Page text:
“This isn’t how it is supposed to be”
How many times have we collectively said or thought that over the past few months? COVID-19 has impacted us in many ways and this is a time that we will not forget. The depth and breadth of the impact of COVID-19 has been immense. For a moment, let’s be selfish. This pandemic has taken a lot away from us this year at ASHP, including the Summer Meetings, the Strategic Planning Retreat, live Regional Delegate Conferences, and other moments we look forward to as we serve our profession. However, it has also created opportunities for us, as pharmacists, to rise to the occasion. This is because we are ESSENTIAL.
If you are like me, you have on several occasions had to explain to family and friends what you do as a health-system pharmacist. Folks don’t understand because their experience with pharmacists is typically with our ambulatory and retail colleagues. Do we fill prescription bottles of medications for patients in the hospital? Not usually, but we do many things that are essential to patient care. I’ve been reflecting on the pandemic and what its impact has been to our profession. The next time you are asked “what do you do in a hospital”, maybe this will help:
Essential acts of pharmacy in this pandemic (and most other days, too)
- Front-line Emergency Department pharmacists, donned in PPE, providing medications, answering dosing and drug interaction questions, and being the drug expert for emergent intubations, Code Blues, strokes, and whatever else might come through the door that day.
- ICU pharmacists are bedside rounding with physicians and nurses on sick COVID patients, recommending supportive treatments, antimicrobials, and sedative/paralytic options. Also, assuring the new treatments being tried are safe.
- Medication Safety pharmacists are following reports of adverse effects, or errors during these challenging times and investigating how to improve our systems to mitigate the risk of them recurring.
- Medication Reconciliation pharmacists and technicians working to get the best possible medication list when access to the patient or their family is limited. Working to verify medications and doses by talking to family members on a cell phone instead of at the bedside, because visitors aren’t allowed.
- Pharmacy technician purchasers and clinical pharmacy specialists managing drug supplies, surge planning and new shortages of COVID therapies to make sure the needed drugs are available for our patients. If something isn’t available, what options do we have that are available?
- Ambulatory pharmacists offering drive up INR testing to allow patients to be safe and manage their warfarin therapy.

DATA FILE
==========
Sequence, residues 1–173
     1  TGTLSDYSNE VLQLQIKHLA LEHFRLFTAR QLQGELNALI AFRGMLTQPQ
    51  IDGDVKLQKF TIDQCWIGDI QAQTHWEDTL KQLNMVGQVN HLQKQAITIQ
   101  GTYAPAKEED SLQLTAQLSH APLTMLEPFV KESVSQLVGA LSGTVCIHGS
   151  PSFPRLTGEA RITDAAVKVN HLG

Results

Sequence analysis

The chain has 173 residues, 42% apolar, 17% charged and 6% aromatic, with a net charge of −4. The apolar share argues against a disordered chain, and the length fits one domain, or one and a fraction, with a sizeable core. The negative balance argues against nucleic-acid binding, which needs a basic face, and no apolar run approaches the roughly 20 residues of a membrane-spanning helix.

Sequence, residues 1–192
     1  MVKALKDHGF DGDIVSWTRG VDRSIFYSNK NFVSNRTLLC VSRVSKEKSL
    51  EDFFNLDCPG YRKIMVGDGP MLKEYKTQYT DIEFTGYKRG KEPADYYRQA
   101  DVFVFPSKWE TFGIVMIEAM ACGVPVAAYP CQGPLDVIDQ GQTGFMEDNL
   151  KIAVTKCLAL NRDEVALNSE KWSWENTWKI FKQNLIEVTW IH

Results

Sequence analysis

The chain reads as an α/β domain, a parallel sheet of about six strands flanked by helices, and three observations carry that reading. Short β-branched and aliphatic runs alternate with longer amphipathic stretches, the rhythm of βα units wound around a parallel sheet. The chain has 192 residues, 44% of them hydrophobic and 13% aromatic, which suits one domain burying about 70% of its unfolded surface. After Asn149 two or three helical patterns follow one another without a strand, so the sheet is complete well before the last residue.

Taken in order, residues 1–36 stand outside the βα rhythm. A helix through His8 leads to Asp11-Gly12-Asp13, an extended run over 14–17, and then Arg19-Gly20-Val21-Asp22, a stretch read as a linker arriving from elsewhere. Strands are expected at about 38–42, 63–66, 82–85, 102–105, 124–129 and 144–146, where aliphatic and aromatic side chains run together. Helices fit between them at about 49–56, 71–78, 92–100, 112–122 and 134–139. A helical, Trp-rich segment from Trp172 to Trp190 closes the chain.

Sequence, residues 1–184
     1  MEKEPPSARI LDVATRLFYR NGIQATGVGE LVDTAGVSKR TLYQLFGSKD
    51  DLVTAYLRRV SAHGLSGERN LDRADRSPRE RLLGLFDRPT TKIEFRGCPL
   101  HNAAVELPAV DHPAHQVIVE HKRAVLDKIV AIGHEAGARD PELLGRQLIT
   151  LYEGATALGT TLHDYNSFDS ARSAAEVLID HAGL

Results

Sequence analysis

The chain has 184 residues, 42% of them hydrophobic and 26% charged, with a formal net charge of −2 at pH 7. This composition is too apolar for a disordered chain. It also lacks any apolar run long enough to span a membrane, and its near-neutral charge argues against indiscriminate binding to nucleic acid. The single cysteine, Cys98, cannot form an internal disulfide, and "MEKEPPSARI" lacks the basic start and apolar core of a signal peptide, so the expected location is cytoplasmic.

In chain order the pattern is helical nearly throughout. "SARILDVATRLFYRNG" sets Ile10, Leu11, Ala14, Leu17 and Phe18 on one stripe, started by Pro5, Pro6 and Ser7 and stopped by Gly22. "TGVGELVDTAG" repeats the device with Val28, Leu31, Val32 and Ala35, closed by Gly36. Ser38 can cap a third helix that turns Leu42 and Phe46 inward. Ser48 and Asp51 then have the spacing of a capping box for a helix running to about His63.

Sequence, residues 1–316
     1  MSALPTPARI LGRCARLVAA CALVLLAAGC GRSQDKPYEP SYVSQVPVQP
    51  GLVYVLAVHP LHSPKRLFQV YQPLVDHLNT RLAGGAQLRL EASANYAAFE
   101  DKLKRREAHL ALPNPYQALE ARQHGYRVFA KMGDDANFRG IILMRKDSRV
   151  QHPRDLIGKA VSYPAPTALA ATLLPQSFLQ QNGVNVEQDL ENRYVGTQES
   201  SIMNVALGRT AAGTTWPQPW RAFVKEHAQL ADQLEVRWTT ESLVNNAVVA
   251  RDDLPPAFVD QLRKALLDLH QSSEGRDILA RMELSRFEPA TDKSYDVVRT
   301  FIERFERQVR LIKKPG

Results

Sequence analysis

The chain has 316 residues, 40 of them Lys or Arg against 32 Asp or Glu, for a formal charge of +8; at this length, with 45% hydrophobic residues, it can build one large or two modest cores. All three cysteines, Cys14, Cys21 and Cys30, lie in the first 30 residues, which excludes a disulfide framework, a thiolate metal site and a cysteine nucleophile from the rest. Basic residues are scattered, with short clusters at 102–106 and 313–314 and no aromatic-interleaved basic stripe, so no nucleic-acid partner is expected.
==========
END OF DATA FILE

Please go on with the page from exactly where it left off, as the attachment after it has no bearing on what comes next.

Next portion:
- Pharmacy technicians making drips in new concentrations, refilling ADMs safety in COVID areas, getting the medications to where they need to be quickly.How do I do my job safety and preserve PPE at the same time?
- Pharmacy leadership working with front-line staff and other departments to redesign workflows and procedures in the OR, ED, central pharmacy, procedural areas and almost everywhere else that we take care of COVID positive or presumed positive patients. How do we protect our staff and other patients from the risk of infection?
- Clinical pharmacists managing medication therapy for ICU COVID and non-COVID patients while collaborating with physicians and nurses on solutions for new medication challenges with this new type of patient.
- Being supportive and possibly a shoulder to cry on for our pharmacy colleagues, as well as the doctors, nurses, environmental services staff, respiratory therapists and the rest of the team working at the patient’s bedside.
No, this isn’t how this was supposed to be, but we will rise to the occasion as pharmacists and pharmacy technicians to take care of our patients, our coworkers and ourselves. It is essential and it’s what we do.
I want to thank the Section of Inpatient Care Practitioners for allowing me to serve as Chair this year. I have learned a lot, met many new friends and am continually humbled by the great work being done in pharmacy departments across the country every day. The SICP Executive Committee (GregORY Burger, Sarah Stevens, Sue Skledar, Alison King, Todd Lemke, Nish Kasebekar and Erika Thomas), has been a pleasure to work with and I wish GregORY Burger the best as he assumes the Chair role this summer. I hope everyone will find joy and relaxation this summer and stay safe.
Doug Meyer, B.S.Pharm., M.B.A., R.Ph., BCNSP
Chair, Section of Inpatient Care Practitioners